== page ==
The role of masculinity in school shootings

By Alisina Saee-Nazari

courtesy of four12/Flickr
(courtesy of four12/Flickr)

On Oct. 12, Umpqua Community College reopened after nine people were killed there on Oct. 1. Christopher Harper-Mercer, 26, opened fire in his English class, killing eight students and a teacher, as well as leaving nine wounded. Roseburg, Oregon has become the stage for the recurrent national discussion about campus safety, gun control and mental health. Another shooting has yet again been brought to our attention: the problems with how our country regulates firearms and understands mental health. But the national dialogue has left out our culture’s distorted view of masculinity.

According to Vanderbilt University researchers Jonathan M. Metzl and Kenneth T. MacLeish, “The ways our society frames the connections between gun crimes, mental illnesses, social networks, and gun access issues reveal as much about our particular cultural politics, biases, and blind spots as it does about the acts of lone, and obviously troubled, individuals.”

Our blind spot is our reluctance to accept how masculinity is manifested in our culture and how it played a role in Roseburg. President Barack Obama and Hillary Clinton have spoken out about increasing gun control while Marco Rubio, Ted Cruz, Chris Christie and a majority of the Republican Party have called for mental illness reform. Harper-Mercer had mental health issues and legally obtained all of his 13 weapons, but what isn’t discussed is his gender.

Mass shootings (defined as shootings events killing at least 4 people) occur in the United States every two weeks. Per the bipartisan Mayors Against Illegal Guns, “between January 2009 and September 2013 there have been 93 mass shootings in 35 states.” It is not a coincidence that almost all of the perpetrators, like Harper-Mercer, are men. While we call to combat mental illness, we must take the same approach in examining gender and deconstruct what it means to be a man.

To be a “man” means to be straight and cisgender because masculinity is constructed to be heteronormative and cisnormative. Any signs of ‘femininity’ or diverging from a man’s gender role is discouraged, often invoking the use of derogatory terms. Men are emasculated for not conforming to our culture’s masculinity through the use of terms that are violently misogynistic, homophobic and transphobic. The violence that is encouraged in masculinity isn’t only physical or verbal, but systematic.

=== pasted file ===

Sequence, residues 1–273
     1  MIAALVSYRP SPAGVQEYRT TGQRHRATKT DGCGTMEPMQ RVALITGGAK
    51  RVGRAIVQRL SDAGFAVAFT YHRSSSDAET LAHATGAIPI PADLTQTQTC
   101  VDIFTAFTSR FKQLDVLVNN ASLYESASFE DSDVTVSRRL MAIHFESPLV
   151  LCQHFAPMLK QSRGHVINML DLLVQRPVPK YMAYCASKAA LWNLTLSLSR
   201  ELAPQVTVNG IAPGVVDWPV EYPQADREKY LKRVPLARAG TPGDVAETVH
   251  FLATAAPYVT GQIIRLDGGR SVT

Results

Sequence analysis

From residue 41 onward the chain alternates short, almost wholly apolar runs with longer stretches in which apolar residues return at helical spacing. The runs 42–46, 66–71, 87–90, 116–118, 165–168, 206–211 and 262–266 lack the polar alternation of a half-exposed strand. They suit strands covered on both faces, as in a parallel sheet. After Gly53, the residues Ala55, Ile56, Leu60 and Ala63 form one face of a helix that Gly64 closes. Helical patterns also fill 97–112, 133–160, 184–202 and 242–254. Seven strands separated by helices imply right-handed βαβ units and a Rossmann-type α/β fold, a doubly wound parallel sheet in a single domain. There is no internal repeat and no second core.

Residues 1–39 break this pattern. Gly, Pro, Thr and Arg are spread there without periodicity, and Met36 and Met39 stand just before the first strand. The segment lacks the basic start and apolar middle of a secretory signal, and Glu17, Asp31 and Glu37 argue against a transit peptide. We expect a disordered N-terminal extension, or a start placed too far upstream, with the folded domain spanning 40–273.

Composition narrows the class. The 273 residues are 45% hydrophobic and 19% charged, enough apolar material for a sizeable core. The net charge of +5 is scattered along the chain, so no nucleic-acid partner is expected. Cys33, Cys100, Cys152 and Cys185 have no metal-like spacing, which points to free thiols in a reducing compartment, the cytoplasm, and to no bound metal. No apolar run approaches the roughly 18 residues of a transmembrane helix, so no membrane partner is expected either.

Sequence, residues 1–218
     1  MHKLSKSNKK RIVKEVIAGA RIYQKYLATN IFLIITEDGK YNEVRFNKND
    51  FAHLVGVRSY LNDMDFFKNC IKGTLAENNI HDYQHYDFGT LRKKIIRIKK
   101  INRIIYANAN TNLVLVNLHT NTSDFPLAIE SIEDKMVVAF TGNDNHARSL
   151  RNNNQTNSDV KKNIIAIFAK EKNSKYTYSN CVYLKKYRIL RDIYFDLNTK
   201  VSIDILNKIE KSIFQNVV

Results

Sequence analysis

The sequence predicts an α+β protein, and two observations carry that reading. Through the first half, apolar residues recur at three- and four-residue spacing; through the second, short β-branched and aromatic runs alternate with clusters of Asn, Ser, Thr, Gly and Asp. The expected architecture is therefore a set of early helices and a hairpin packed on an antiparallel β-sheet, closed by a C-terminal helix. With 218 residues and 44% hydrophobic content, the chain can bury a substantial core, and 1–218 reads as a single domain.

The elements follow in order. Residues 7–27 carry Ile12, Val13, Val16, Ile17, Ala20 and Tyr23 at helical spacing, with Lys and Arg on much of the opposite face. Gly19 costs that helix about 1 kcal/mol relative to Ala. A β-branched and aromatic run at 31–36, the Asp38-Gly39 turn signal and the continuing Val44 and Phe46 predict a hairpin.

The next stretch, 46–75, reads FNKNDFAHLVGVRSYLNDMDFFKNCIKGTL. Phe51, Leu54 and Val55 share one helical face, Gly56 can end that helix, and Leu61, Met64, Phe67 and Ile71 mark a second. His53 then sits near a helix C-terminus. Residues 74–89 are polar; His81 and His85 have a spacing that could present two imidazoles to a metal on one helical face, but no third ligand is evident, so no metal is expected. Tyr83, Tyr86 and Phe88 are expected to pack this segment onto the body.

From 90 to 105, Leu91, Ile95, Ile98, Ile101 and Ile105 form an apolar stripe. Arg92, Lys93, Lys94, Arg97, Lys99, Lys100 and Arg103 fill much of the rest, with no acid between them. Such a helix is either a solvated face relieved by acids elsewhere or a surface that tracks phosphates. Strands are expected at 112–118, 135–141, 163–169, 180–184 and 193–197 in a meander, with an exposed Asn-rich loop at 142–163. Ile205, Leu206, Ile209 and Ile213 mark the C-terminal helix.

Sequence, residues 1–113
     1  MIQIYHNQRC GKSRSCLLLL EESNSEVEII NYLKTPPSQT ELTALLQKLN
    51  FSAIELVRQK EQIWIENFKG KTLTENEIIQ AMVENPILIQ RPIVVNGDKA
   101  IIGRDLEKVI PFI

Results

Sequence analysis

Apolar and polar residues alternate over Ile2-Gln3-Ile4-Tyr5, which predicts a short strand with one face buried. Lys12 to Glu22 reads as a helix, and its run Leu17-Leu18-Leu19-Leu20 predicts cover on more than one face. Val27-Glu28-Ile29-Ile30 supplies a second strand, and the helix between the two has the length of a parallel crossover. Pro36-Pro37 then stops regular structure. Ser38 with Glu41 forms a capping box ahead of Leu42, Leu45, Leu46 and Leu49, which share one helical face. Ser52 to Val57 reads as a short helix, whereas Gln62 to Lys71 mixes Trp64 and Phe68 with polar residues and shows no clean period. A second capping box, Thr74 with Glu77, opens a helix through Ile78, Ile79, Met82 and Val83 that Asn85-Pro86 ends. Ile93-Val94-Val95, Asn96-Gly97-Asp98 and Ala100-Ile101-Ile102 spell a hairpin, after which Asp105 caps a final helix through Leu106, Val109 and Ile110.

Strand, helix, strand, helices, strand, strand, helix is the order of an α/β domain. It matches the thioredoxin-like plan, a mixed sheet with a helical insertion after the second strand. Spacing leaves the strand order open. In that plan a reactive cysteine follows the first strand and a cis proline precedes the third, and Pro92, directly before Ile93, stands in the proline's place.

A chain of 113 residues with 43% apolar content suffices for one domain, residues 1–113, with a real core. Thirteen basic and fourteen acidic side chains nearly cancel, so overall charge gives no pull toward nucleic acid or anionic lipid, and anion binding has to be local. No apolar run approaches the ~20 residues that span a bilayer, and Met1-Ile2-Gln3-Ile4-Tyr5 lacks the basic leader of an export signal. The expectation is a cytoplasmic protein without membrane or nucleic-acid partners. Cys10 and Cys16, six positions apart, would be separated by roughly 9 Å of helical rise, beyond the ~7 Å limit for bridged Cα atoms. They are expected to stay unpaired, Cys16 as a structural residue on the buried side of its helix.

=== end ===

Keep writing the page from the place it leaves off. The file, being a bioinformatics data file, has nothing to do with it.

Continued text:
Men will teach their kids what their fathers taught them: to be physically tough and emotionally invulnerable. Growing up, we’re encouraged to repress all emotions except anger, and our masculinity is equated with intimidation and power. The “tough guy” and his use of violence to achieve power and respect is glorified through movies, videogames, advertisements, sports, politics, porn and more. Having played football in high school, I would be praised by my coach to cause the opposing team pain or emasculated for showing my pain and vulnerability.

There are countless movies that glorify men’s use of violence to achieve power – “Scarface”, “Drive”, “50 Shades of Grey”, “Rambo”, “The Expendables”, The Bourne Trilogy, “Gladiator” – and the pornographic ones sexualize men’s control and dominance over women in a heterosexual lens. Therefore when we examine the shooting at Umpqua Community College and Chris Harper-Mercer, we must recognize the trend of these mass shootings by examining the culture of masculinity. When these men are glorified, masculinity becomes distorted when attributed to power and toxic when means of attaining that power are violent and justified.

Like Harper-Mercer, men are constantly hearing the same message. A gun shouldn’t be the response to feeling powerless. How our culture constructs masculinity is toxic and present on university campuses, so while it is important to make reforms in gun policy and mental health, we must ask how the University of Massachusetts will address the elephant in the room.

Alsina Saee-Nazari is a Collegian columnist and can be reached at [email protected]